EDP Sciences
Free Access
Issue
A&A
Volume 580, August 2015
Article Number A109
Number of page(s) 19
Section Planets and planetary systems
DOI https://doi.org/10.1051/0004-6361/201526108
Published online 11 August 2015

Online material

thumbnail Fig. 2

Comparative short-term dynamical evolution of various parameters for two representative examples of orbits that are the most different from the nominal one of 2012 FC71 (± 3σ deviations, see text for details). The distance from the Earth (panel A)); the value of the Hill sphere radius of the Earth, 0.0098 AU, is shown (red line). The parameter B). The orbital elements aC), eD), iE), and ωF). The distances to the descending (thick line) and ascending nodes (dotted line) appear in panel G). Earth’s aphelion and perihelion distances are also shown (red lines).

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thumbnail Fig. 3

Same as Fig. 2 but for ± 9σ (see text for details).

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thumbnail Fig. 5

Same as Fig. 2 but for 2014 EK24 and ± 6σ (see text for details).

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thumbnail Fig. 7

Same as Fig. 2 but for 2014 QD364 and ± 9σ (see text for details).

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thumbnail Fig. 9

Same as Fig. 2 but for 2014 UR and ± 6σ (see text for details).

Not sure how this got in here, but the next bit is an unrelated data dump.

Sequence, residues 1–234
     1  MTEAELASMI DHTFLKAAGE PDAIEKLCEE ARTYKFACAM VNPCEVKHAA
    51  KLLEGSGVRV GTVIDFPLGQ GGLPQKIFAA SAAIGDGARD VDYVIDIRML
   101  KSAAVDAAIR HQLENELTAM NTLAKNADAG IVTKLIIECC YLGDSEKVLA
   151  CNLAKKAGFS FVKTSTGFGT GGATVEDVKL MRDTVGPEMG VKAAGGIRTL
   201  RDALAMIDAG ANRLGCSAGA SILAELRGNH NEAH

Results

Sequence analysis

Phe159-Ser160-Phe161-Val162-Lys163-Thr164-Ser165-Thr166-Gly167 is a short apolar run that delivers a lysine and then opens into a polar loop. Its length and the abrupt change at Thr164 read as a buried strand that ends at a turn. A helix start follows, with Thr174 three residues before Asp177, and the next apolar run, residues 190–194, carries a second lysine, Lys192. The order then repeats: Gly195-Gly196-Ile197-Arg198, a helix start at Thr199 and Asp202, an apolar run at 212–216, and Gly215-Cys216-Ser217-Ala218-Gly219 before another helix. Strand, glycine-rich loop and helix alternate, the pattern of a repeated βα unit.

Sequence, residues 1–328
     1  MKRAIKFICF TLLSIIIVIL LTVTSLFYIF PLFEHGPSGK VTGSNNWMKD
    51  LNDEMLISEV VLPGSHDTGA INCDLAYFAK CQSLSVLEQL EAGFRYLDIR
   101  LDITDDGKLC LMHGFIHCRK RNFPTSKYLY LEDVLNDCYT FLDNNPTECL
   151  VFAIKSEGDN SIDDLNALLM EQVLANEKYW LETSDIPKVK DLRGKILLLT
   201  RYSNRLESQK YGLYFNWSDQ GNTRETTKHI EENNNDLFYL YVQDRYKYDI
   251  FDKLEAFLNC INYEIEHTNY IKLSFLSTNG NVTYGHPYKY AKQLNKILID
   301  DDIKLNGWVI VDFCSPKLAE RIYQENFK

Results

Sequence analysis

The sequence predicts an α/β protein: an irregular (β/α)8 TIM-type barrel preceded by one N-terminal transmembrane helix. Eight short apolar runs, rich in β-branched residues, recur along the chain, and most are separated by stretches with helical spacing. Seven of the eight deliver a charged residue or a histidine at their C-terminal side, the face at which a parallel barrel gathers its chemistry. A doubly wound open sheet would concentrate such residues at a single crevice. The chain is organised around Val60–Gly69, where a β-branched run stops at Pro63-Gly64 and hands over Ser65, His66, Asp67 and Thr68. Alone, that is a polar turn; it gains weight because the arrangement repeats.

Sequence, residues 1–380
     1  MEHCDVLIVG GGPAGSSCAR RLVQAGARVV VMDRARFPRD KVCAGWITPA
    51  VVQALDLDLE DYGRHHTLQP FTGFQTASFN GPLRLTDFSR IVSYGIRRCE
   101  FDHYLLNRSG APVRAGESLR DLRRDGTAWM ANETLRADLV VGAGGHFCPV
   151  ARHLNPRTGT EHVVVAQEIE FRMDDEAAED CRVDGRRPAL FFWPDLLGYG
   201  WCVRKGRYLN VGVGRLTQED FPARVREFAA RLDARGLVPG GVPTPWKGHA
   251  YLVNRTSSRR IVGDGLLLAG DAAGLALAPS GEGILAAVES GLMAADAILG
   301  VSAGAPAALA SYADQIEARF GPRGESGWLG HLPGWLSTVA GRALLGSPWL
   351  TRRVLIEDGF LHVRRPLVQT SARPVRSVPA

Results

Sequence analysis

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thumbnail Fig. 11

Time evolution of ωr relative to Venus, the Earth, Mars, and Jupiter for 2012 FC71.

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thumbnail Fig. 13

Same as Fig. 11 but for 2014 EK24.

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thumbnail Fig. 15

Same as Fig. 11 but for 2014 QD364.

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thumbnail Fig. 17

Same as Fig. 11 but for 2014 UR.

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thumbnail Fig. 18

Same as Fig. 1 but for 2014 XX39 and Hayabusa 2 (see text for details).

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Table 2

Heliocentric Keplerian orbital elements of 2014 XX39.

Appendix A: Average short-term evolution of 2012 FC71, 2014 EK24, 2014 QD364, and 2014 UR

Figures A.1 to A.4 show the short-term evolution of the orbital elements a, e, i, Ω, and ω of the objects studied here. The thick black curves show the average results of the evolution of 100 control orbits computed as described in Sect. 2. The thin red curves show the ranges (minimum and maximum) in the values of the parameters at a given time. Asteroid 2012 FC71 is the most dynamically stable of the four objects, followed by 2014 EK24; 2014 UR is quite unstable and the least stable is 2014 QD364. Asteroid 2014 QD364 has an e-folding time, or characteristic timescale on which two arbitrarily close orbits diverge exponentially, of a few dozen years. In sharp contrast, the e-folding time of 2014 EK24 is several hundred years. Surprisingly, the e-folding time of 2014 EK24 is somewhat longer than that of 2012 FC71, even if its orbital evolution is significantly less stable.

thumbnail Fig. A.1

Time evolution of the orbital elements a, e, i, Ω, and ω of 2012 FC71. The thick curve shows the average evolution of 100 control orbits, the thin curves show the ranges in the values of the parameters at the given time.

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thumbnail Fig. A.2

Same as Fig. A.1 but for 2014 EK24.

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thumbnail Fig. A.3

Same as Fig. A.1 but for 2014 QD364.

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thumbnail Fig. A.4

Same as Fig. A.1 but for 2014 UR.

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© ESO, 2015

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